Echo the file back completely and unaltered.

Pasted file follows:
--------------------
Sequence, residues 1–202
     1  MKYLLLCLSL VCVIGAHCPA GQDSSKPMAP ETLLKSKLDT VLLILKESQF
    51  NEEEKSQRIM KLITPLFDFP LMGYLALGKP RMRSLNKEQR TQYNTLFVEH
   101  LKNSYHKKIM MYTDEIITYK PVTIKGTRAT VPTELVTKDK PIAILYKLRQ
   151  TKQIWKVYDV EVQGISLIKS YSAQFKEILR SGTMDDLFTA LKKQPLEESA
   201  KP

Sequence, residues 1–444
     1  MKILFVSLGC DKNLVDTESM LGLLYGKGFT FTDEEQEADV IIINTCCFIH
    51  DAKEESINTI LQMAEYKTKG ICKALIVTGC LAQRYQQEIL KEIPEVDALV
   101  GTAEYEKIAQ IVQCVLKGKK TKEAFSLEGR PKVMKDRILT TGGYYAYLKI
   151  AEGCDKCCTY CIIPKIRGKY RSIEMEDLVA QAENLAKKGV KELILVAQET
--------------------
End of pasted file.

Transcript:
Sequence, residues 1–202
     1  MKYLLLCLSL VCVIGAHCPA GQDSSKPMAP ETLLKSKLDT VLLILKESQF
    51  NEEEKSQRIM KLITPLFDFP LMGYLALGKP RMRSLNKEQR TQYNTLFVEH
   101  LKNSYHKKIM MYTDEIITYK PVTIKGTRAT VPTELVTKDK PIAILYKLRQ
   151  TKQIWKVYDV EVQGISLIKS YSAQFKEILR SGTMDDLFTA LKKQPLEESA
   201  KP

Sequence, residues 1–444
     1  MKILFVSLGC DKNLVDTESM LGLLYGKGFT FTDEEQEADV IIINTCCFIH
    51  DAKEESINTI LQMAEYKTKG ICKALIVTGC LAQRYQQEIL KEIPEVDALV
   101  GTAEYEKIAQ IVQCVLKGKK TKEAFSLEGR PKVMKDRILT TGGYYAYLKI
   151  AEGCDKCCTY CIIPKIRGKY RSIEMEDLVA QAENLAKKGV KELILVAQET